There are a variety of things that people do while in a car, whether they are the driver or passenger that they shouldn’t. For instance, we have personally witnessed someone reading a book while driving. Go across the pond and you will see even more reckless behaviour. In some countries in Italy, it is almost expected that drivers talk on their phone (with their hands of course) while drinking an espresso. We often discuss driving safety with the onus on the driver. However, passengers also play a role in ensuring safety on the road. For example, it is important for passengers to try their best not to distract the driver they are with by talking incessantly or insisting on blasting the music loudly. When you think about safety when driving one thing you might not think about is the dangers of resting your feet on the dashboard. This dangerous habit is the focus of our article today and we hope that you pay close attention and share with your friends.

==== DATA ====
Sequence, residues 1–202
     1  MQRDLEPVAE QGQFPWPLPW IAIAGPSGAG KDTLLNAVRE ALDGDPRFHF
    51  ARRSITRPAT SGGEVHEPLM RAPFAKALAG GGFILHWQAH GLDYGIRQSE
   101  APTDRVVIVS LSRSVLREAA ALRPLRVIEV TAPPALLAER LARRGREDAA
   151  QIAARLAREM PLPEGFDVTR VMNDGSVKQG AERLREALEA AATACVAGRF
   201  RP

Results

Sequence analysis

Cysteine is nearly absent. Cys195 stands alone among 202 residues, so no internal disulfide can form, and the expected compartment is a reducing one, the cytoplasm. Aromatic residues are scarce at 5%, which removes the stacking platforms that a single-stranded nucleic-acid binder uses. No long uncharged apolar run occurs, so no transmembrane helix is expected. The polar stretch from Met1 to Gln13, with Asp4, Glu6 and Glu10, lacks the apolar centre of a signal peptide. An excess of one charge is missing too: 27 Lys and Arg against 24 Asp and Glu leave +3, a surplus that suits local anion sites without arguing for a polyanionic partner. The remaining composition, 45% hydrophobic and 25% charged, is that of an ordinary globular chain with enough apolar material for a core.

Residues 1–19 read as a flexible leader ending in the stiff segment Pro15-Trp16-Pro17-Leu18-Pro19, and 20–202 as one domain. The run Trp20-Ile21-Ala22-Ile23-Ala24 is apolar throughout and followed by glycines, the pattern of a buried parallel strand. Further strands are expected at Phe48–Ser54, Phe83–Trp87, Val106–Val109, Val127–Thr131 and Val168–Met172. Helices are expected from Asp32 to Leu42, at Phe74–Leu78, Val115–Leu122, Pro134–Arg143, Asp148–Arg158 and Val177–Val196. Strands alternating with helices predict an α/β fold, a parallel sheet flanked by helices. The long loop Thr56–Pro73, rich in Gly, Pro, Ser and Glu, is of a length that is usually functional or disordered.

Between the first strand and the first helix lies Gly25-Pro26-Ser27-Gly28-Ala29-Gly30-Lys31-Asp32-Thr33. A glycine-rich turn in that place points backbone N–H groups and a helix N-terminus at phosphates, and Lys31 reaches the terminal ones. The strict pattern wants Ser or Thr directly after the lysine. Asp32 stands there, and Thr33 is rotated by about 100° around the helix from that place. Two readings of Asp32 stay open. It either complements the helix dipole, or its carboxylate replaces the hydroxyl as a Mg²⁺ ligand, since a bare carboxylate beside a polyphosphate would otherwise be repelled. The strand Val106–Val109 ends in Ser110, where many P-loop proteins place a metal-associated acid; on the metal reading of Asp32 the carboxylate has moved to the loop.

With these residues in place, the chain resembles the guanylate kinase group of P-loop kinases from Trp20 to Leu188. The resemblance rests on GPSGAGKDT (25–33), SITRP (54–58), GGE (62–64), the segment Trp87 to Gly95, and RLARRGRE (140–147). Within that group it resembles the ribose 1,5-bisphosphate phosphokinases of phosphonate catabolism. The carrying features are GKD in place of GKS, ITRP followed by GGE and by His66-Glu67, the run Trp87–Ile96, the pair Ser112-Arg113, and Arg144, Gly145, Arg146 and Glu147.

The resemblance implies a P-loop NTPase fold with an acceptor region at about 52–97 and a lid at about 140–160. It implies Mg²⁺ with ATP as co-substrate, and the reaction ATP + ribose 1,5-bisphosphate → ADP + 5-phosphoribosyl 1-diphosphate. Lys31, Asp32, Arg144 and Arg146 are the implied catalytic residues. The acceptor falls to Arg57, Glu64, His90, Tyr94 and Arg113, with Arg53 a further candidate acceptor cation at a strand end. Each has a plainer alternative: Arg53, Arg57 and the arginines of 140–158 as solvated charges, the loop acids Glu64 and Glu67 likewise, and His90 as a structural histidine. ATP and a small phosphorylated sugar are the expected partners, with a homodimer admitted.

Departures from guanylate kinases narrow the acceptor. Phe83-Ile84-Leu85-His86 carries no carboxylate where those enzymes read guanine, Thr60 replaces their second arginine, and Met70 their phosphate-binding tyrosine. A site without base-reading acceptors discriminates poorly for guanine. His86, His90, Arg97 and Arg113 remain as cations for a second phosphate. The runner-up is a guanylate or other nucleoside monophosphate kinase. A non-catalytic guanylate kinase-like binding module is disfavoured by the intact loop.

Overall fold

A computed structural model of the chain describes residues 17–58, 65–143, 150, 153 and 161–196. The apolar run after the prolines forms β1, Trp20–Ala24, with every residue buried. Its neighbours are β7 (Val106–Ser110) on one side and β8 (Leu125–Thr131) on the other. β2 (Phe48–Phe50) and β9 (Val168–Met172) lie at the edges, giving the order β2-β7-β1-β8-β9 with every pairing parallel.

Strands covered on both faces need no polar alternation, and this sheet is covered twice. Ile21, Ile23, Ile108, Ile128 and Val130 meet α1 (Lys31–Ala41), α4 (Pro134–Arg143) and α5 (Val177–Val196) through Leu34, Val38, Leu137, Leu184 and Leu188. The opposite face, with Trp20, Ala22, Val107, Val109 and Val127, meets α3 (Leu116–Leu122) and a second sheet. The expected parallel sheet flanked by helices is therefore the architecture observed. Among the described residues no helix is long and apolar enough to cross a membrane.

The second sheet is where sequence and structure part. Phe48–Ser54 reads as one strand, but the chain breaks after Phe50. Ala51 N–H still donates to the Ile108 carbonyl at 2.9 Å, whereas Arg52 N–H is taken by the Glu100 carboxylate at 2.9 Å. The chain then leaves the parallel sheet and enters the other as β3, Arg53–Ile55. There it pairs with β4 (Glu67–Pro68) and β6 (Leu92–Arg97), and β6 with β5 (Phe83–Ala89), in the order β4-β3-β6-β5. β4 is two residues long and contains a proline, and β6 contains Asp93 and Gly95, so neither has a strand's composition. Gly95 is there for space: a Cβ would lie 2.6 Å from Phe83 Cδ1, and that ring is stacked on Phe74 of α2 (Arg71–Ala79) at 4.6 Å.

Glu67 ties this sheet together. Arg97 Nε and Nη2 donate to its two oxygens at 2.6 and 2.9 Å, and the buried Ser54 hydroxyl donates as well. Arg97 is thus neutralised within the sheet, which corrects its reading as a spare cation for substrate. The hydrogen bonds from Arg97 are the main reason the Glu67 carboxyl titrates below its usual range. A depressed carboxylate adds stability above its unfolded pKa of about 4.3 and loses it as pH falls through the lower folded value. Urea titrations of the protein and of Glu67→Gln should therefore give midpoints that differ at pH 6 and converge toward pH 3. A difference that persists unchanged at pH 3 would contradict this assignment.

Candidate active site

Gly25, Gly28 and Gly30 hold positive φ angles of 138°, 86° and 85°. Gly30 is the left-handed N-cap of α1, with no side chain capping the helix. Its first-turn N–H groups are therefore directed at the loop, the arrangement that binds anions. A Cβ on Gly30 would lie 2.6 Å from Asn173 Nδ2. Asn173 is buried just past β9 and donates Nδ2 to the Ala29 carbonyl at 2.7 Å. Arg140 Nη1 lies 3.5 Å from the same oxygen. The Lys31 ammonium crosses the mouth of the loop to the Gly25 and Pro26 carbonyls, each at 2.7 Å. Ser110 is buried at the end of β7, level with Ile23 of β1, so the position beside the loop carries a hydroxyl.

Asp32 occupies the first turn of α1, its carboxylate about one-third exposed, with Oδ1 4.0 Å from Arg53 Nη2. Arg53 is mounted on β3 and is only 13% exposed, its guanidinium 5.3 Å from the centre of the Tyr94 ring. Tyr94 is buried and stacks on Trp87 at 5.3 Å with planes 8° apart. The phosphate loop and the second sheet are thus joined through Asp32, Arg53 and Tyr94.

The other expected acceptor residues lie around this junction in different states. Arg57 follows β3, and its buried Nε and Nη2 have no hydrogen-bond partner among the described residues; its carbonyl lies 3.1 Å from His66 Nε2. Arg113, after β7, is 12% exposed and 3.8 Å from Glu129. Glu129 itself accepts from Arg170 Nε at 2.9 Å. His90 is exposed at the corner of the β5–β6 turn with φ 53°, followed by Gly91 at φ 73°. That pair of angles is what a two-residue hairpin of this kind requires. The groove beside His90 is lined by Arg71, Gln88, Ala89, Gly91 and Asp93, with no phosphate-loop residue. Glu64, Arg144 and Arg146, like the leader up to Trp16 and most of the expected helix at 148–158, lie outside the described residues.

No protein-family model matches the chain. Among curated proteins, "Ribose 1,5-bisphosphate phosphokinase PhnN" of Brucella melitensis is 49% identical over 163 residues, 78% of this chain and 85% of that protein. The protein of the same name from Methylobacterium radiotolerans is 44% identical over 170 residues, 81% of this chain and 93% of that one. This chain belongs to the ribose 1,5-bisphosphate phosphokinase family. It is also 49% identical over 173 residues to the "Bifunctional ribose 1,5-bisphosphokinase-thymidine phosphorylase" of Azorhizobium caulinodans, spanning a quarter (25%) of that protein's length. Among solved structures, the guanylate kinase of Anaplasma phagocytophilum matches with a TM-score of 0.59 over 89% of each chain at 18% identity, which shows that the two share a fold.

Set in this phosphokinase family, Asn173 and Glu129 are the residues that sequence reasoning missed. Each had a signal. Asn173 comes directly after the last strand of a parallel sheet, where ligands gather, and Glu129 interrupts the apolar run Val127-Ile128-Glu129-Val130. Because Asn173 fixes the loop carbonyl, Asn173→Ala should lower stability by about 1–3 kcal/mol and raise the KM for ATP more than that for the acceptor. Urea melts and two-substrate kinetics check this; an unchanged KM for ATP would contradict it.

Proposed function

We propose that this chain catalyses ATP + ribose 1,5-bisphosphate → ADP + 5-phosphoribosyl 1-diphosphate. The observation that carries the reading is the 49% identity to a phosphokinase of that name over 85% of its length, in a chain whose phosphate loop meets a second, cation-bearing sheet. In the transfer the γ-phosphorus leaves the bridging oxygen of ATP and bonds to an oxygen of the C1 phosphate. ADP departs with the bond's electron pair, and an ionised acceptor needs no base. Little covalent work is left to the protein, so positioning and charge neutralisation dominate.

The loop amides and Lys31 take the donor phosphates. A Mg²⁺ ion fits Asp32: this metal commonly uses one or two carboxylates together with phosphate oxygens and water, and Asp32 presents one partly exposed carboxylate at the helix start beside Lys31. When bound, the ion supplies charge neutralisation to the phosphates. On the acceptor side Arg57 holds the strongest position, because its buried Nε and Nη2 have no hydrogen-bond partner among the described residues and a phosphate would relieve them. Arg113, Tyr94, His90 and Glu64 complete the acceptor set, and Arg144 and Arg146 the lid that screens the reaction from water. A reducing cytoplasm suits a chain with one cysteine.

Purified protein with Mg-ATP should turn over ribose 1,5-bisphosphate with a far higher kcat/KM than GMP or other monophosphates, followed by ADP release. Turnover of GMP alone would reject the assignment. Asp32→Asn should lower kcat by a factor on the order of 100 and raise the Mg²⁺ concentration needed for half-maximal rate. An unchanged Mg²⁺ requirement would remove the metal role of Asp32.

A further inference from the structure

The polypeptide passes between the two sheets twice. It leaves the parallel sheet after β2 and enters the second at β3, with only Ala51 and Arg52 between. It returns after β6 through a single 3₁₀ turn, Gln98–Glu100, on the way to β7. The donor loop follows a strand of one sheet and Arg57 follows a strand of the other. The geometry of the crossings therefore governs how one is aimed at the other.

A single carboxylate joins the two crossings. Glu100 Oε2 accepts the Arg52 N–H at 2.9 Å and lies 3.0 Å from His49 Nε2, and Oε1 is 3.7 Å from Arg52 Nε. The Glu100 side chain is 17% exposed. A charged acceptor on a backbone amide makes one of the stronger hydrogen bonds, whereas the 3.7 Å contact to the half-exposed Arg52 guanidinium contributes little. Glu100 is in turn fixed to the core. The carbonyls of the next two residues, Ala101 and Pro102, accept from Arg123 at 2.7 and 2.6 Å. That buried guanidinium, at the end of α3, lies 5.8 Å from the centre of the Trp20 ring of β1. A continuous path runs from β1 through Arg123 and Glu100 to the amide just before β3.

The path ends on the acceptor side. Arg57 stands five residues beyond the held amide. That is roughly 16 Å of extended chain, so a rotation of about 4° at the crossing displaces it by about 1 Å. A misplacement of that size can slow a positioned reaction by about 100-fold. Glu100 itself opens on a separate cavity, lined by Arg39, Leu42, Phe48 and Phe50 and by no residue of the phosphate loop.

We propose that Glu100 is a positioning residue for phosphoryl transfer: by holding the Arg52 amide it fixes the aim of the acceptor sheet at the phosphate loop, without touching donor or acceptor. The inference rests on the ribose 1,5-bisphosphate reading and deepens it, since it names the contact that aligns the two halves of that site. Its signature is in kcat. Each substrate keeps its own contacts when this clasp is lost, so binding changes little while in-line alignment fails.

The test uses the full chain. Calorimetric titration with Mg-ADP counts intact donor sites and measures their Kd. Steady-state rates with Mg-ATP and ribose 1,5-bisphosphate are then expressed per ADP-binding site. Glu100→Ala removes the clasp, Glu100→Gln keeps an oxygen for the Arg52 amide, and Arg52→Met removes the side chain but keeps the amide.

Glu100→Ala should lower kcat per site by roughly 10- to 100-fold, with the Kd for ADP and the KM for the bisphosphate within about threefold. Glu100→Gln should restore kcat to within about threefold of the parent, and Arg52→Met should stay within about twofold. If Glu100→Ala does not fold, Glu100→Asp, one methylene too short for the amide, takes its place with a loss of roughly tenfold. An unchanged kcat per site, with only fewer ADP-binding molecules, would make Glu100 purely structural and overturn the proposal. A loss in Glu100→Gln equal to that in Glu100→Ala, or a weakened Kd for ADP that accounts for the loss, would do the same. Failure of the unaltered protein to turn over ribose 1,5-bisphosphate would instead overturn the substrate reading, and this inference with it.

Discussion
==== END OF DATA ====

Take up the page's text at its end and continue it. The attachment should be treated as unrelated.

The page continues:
We admit that there is nothing quite like the feeling of driving on the freeway with the windows open, feeling the wind in your hair. If you are a passenger it might be tempting to relax and put your feet up on the dashboard. However, you might not have considered just how dangerous this practice can be. I’m sure all of our parents warned us about how risky it could be, but parents tend to overreact to everything, don’t they? Seriously, what’s the worst that could happen? Well, for one, resting your feet upon the dashboard and being involved in a motor vehicle accident could kill you.
If you do survive, the results could be life changing and debilitating. For instance, one woman in Ireland named Grainne Kealy had her feet on the dashboard of her boyfriend’s Jeep when they were involved in a car accident due to black ice, which caused her knees to slam into her face at a rate of almost 200 kilometers per hour. The result? She was left without a forehead as it had to be removed by doctors and she was forced to undergo multiple facial reconstructive surgeries. She stated in an interview that, “I had nothing in place of my forehead. My head sunk in and I looked a little strange.” Luckily, she was fitted with a synthetic forehead but that was not until years later. However, unfortunately her mental functioning will never be the same. She reports to forget words when speaking to others, which has been known to occur up to 20 times in one day and often suffers from headaches when there is too much chatter around her, causing her to get distracted and lose her ability to focus.